Navy hands Army 75-44 drubbing Margin of victory widest in series dating to 1920

January 25, 1996|By John W. Stewart | John W. Stewart,SUN STAFF

Army came into last night's Patriot League game against Navy with a road record of 3-48 over the past five years, and it didn't get any better.

The Midshipmen broke away six minutes into the game, stretched a 16-point halftime lead (35-19) to 25 halfway through the second period and wound up with a 75-44 triumph before an Alumni Hall sellout crowd of 5,710.

It was the widest margin of victory in the series, which goes back to 1920. This one supplanted the 93-63 David Robinson-led decision in the 1985-86 season. Army's point total was its second lowest since 1974 (29 games).

Navy's victory, its ninth straight over its arch-rival, boosted the Mids (9-8, 4-1) into first place in the league, after previous leader Colgate was beaten by Bucknell last night, 83-75.

Army, a rather beleaguered outfit that has been forced to play without three injured regulars (three others have left the squad since the preseason), got an indication of what kind of a night it was going to be when it had four turnovers and missed four shots before getting its first basket.

Navy, however, did not fare much better at the start.

Over the first 5:21, there were four lead changes, before a tip-in by Michael Green sent the Midshipmen ahead to stay at 11-10.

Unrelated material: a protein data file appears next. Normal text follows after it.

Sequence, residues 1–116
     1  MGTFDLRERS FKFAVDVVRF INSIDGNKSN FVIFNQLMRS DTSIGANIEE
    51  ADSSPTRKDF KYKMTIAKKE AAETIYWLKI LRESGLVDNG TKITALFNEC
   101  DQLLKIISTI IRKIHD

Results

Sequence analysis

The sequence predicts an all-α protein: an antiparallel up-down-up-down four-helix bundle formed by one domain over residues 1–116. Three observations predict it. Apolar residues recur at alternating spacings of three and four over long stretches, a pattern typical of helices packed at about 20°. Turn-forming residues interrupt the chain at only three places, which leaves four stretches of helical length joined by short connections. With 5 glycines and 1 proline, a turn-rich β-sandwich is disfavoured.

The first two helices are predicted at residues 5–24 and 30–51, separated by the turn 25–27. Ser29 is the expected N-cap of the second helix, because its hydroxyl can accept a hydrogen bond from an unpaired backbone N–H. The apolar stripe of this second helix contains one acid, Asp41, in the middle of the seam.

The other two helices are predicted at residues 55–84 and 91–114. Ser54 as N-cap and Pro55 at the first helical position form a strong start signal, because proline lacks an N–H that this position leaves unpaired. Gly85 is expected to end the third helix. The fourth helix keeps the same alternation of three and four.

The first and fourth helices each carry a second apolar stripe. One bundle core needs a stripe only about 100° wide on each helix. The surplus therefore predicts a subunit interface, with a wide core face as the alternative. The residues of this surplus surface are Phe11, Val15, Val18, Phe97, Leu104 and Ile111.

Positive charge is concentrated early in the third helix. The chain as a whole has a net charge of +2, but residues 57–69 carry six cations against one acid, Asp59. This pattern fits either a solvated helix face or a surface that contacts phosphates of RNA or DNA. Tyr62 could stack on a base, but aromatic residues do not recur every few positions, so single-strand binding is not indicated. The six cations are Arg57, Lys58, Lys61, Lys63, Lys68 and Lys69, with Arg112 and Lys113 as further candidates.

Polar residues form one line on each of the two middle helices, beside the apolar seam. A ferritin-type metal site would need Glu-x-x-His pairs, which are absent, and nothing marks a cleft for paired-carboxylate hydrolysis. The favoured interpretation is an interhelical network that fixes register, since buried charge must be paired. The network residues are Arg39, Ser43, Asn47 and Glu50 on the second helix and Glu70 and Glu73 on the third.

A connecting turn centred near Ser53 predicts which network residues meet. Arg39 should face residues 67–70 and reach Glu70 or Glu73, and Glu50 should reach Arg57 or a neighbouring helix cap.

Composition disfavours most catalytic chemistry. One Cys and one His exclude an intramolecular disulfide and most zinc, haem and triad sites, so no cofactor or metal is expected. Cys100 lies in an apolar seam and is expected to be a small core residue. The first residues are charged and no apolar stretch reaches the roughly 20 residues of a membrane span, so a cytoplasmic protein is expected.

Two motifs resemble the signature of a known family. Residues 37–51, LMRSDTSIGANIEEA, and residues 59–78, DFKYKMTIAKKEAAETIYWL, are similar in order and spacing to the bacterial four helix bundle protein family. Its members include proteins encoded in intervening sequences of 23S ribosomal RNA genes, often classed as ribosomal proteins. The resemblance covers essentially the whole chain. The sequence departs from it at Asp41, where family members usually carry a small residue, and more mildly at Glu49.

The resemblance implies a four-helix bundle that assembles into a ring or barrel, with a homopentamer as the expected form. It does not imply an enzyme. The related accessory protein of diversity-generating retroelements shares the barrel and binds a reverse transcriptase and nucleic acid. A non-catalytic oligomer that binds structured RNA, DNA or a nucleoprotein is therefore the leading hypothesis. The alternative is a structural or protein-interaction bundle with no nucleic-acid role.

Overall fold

The Cadets scored only two more baskets the rest of the half, and went off trailing 35-19 after going 7-for-21 from the field. The Mids capitalized on turnovers and a slight rebound edge for 34 shots, but their marksmanship wasn't much better with 13 field goals.

By that time, Navy had nine scorers, led by sophomore Michael Heary with seven. Heary, a perimeter player, was the team's top scorer a year ago with a 13.6 average when he was the sixth man.

A starter for the first month of this season, he was replaced by Eddie Lucas nine games ago after his play fell off. He ended with 17 points last night, including 9-for-9 from the foul line, a Navy record for the series.

It was his best scoring effort since losing his starting role.

"I hope I'm untracked," he said after having had three subpar showings. "I appreciate the coaches' patience and not losing confidence in my ability. I have to work through the low points."

Navy coach Don DeVoe said: "These [Army] games are so special. I've been on both sides [13-0, including 5-0 as an assistant to Bob Knight at Army in the 1960s], and know how important it is to get a lead early. It's always physical, but we tried to keep our poise.

"We didn't play a pretty game, but we hustled. and forced a lot of turnovers (22)."

Two of the hustlers were starter Mike Green and reserve Matt Sladky, who combined defensively to limit Army's Mark Lueking -- a 17.5 scorer -- to 2-for-4 from the field and seven points.

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